The formalism of Markov decision processes has been extended to multiple agents before, giving rise to stochastic games or Markov games. Traditionally, the solution concept used for stochastic games is that of Nash equilibria. Some recent work in AI follows that tradition. However, while Nash equilibria are useful for describing a multi-agent system when, and if, it has reached a stable state, this solution concept is not sufficient as a general control paradigm. The main reasons are that there may be multiple equilibria with no clear way to choose among them (non-uniqueness), and the fact that equilibria do not specify actions in cases in which agents believe that other agents may act not according to their equilibrium strategies (incompleteness).
Other extensions of POMDPs to multiple agents have been called decentralized POMDPs (DEC-POMDPs), and are related to decentralized control problems. DEC-POMDP framework assumes that the agents are fully cooperative, i.e., they have common reward function and form a team. Furthermore, it is assumed that the optimal joint solution is computed centrally and then distributed among the agents, which makes it a variant of multi-body planning.
Our formalism, called interactive POMDPs (I-POMDPs) is applicable to autonomous agents with possibly conflicting objectives, operating in partially observable environments, who locally compute what actions they should execute to optimize their preferences given what they believe. We are motivated by a subjective approach to probability in games, and we combine POMDPs, Bayesian games, and work on interactive belief systems. The unique aspect of I-POMDPs is that they prescribe action based on an agent's beliefs about other agents and about their expected behaviors. This approach, also called decision-theoretic approach to game theory, consists of predicting actions of other agents given all available information, and then of choosing the agent's own action. The descriptive aspect of decision theory is used to predict others' actions, and its prescriptive aspect is used to select agent's own optimal action.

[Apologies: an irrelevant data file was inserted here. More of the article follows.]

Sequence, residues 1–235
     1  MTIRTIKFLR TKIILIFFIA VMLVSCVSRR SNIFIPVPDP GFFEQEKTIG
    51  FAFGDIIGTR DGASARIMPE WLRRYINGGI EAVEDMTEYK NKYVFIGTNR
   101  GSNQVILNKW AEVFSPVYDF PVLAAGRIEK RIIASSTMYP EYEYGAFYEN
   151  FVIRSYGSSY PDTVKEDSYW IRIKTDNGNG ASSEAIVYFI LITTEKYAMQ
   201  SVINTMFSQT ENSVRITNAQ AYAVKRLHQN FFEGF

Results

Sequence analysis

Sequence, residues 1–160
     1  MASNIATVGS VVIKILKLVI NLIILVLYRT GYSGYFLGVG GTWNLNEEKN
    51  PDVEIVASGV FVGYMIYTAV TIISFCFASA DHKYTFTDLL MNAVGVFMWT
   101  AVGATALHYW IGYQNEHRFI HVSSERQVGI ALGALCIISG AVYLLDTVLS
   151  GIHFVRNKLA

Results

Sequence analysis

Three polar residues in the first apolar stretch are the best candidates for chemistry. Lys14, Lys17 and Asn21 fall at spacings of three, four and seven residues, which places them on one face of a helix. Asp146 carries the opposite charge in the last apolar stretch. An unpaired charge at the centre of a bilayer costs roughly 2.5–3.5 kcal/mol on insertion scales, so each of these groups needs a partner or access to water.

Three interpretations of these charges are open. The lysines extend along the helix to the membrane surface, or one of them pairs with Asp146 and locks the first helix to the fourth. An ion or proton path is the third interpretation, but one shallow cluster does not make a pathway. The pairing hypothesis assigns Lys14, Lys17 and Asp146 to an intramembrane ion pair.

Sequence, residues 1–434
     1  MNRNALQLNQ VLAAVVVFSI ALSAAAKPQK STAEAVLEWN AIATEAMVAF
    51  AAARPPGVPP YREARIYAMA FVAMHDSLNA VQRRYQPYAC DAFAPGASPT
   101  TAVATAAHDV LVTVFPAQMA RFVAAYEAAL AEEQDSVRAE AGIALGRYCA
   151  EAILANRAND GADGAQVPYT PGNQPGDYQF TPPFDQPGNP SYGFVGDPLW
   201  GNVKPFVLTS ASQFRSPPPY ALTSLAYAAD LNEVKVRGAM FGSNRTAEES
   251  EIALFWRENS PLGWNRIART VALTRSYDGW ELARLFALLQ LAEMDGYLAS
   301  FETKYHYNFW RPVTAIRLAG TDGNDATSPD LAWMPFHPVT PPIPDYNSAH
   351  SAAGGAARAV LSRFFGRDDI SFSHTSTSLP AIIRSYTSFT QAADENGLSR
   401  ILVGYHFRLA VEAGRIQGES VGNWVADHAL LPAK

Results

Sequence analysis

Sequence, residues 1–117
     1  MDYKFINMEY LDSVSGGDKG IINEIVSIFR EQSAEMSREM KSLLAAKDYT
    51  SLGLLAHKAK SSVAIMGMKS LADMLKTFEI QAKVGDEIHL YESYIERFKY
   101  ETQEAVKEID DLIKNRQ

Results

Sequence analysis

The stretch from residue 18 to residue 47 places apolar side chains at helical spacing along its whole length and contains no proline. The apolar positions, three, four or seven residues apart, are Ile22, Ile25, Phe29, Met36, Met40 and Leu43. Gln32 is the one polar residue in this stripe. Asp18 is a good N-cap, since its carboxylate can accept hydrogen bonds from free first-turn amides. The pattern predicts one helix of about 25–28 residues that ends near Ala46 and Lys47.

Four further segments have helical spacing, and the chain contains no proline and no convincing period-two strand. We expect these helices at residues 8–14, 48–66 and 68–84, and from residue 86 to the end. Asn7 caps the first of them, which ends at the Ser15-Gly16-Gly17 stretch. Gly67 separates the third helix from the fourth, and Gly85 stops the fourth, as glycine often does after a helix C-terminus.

Our approach is capable of avoiding the difficulties of non-uniqueness and incompleteness of traditional equilibrium approach, but at the cost of processing and maintaining possibly infinitely nested interactive belief systems (also called knowledge structures). As a result, only approximate belief updates and approximately optimal solutions to planning problems are computable in general. The approximation method we are currently working on are based on particle filtering.